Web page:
UCLA Professor Faces 200+ Year Sentence for Smuggling Tech to China

Royce Hall UCLA
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Former University of California professor Yi-Chi Shih has been found guilty on 18 federal charges for funneling American military technology to China.

The 64-year-old electrical engineer has been found guilty of handing stolen U.S. military technology to the Chinese government. Now he faces several lifetimes’ worth of time in a federal prison. Shih’s co-defendant, Kiet Ahn Mai, already pleaded guilty to smuggling charges in December 2018.

The former Los Angeles professor posed as a customer in order to obtain the “monolithic microwave integrated circuits” (MMICs) used in missiles and aircraft on China’s behalf. He was paid for his efforts, which — obviously — he did not choose to report for income tax purposes.

Shih’s charges include mail fraud, wire fraud, subscribing to a false tax return, making false statements to a government agency, conspiracy to gain unauthorized access to a protected computer to obtain information, conspiracy to violate the International Emergency Economic Powers Act, and conspiracy to commit cybertheft.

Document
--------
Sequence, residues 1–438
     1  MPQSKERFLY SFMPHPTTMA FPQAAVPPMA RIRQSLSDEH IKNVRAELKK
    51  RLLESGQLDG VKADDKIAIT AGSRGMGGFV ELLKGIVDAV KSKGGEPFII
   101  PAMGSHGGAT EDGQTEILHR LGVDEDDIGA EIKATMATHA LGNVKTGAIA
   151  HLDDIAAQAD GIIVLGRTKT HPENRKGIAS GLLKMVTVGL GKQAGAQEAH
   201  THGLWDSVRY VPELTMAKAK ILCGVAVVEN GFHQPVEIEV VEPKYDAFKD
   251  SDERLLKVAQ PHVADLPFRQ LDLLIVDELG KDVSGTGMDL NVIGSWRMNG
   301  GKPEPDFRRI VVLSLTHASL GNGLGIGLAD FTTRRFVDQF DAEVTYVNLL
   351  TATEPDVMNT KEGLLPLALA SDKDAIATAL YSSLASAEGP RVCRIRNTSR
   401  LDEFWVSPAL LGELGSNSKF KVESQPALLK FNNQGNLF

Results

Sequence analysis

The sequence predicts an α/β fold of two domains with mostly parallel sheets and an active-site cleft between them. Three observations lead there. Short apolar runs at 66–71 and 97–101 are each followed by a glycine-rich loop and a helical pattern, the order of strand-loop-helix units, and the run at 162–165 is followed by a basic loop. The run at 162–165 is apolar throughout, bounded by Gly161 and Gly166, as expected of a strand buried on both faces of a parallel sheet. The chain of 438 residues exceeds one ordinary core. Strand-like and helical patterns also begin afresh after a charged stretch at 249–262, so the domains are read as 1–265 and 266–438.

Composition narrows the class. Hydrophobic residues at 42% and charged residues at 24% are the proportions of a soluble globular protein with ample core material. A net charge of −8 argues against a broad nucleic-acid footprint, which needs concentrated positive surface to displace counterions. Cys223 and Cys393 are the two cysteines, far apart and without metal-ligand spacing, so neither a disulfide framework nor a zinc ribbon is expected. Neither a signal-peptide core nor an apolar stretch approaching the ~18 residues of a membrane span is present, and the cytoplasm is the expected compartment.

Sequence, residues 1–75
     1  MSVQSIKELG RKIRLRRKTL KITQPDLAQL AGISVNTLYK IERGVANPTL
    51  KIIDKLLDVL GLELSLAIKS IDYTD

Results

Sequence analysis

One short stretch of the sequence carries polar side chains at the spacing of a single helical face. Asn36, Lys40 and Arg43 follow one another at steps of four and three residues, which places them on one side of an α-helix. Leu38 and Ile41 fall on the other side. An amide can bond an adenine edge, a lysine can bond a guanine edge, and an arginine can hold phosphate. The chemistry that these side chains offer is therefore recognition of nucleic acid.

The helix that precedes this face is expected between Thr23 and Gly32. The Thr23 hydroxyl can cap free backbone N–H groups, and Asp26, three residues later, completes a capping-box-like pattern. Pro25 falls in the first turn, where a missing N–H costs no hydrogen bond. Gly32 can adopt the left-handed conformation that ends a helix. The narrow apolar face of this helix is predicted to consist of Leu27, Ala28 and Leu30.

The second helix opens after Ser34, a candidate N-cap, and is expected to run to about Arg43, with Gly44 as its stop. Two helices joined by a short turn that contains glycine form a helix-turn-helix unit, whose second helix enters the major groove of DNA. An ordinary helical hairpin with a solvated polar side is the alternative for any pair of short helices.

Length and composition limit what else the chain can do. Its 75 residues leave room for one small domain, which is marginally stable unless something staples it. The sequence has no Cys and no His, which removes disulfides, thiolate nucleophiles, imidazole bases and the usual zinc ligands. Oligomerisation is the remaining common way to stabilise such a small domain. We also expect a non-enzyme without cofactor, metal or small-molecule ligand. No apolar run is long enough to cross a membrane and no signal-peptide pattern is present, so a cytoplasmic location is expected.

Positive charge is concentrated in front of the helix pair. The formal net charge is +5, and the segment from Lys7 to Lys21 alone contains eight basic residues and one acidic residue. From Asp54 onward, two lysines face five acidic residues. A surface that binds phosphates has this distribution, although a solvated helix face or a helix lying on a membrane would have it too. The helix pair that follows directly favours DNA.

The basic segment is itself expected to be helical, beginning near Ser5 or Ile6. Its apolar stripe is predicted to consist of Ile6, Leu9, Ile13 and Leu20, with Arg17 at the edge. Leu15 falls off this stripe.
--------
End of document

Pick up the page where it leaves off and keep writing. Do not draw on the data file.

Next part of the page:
“The Department’s China Initiative is focused on preventing and prosecuting thefts of American technology and intellectual property for the benefit of China,” said Assistant Attorney General John Demers. “The defendant has been found guilty of conspiring to export sensitive semiconductor chips with military applications to China.”

Demers thanked prosecutors for their efforts and law enforcement agents, including the Royal Canadian Mounted Police.

In a statement, FBI Assistant Director in Charge Paul Delacourt said:

The FBI is committed to protecting institutions from adversaries who seek to steal sensitive American technology under the guise of research. We will continue to work collaboratively with our federal partners to identify and hold accountable individuals who plunder our research or intellectual property at the expense of the American people and our national security.

At the time of this writing, no date has been set for Shih’s formal sentencing. It is, however, virtually certain that Shih will spend the remainder of his life behind bars.


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